i cant understand this question... because i was away when they learn it so yea...
Find the 1st 3 terms of a geometric sequence, given that the sum of the 1st three terms is 76/3 and the sum to infinity is 36.
Hello erisse_satg17Welcome to Math Help Forum.
This is what you need to know. In a GP:
- the first term is denoted by $\displaystyle a$
- the common ratio is denoted by $\displaystyle r$
- the first three terms are $\displaystyle a, ar, ar^2$
- the sum of the first $\displaystyle n$ terms is $\displaystyle \frac{a(1-r^n)}{1-r}$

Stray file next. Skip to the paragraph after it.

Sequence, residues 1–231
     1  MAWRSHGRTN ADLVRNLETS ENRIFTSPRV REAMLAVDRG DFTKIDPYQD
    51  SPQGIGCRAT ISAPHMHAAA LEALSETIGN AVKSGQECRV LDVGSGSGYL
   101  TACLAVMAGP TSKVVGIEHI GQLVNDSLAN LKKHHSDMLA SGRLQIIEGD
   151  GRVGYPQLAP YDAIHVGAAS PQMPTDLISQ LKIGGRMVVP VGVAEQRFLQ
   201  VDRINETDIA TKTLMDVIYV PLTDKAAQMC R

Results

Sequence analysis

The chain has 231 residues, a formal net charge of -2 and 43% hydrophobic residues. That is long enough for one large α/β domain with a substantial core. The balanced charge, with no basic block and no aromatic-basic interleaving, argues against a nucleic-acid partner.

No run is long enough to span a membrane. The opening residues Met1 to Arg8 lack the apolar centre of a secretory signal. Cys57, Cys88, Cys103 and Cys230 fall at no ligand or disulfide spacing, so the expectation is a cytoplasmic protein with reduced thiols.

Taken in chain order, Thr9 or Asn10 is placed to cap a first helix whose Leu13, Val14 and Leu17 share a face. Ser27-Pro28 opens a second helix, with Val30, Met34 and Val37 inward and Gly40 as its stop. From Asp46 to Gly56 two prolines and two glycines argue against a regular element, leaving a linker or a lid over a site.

- the sum to infinity is $\displaystyle \frac{a}{1-r}$, provided $\displaystyle |r| < 1$
So you'll need to plug in the values you've been given:
$\displaystyle \frac{a(1-r^3)}{1-r}=\frac{76}{3}$
and $\displaystyle \frac{a}{1-r}=36$
and solve for $\displaystyle a$ and $\displaystyle r$. (Don't forget to answer the question when you done this.)
Can you complete it now?
Grandad
Hello erisse_satg17Yes - and it's very easy. You can just get rid of the $\displaystyle \frac{a}{1-r}$ in the first equation, by using the second equation to replace it by $\displaystyle 36$. Like this:
$\displaystyle \frac{\color{red}a\color{black}(1-r^3)}{\color{red}1-r}=\frac{76}{3}$
$\displaystyle \Rightarrow \color{red}36\color{black}(1-r^3)=\frac{76}{3}$
Can you finish it now?
Grandad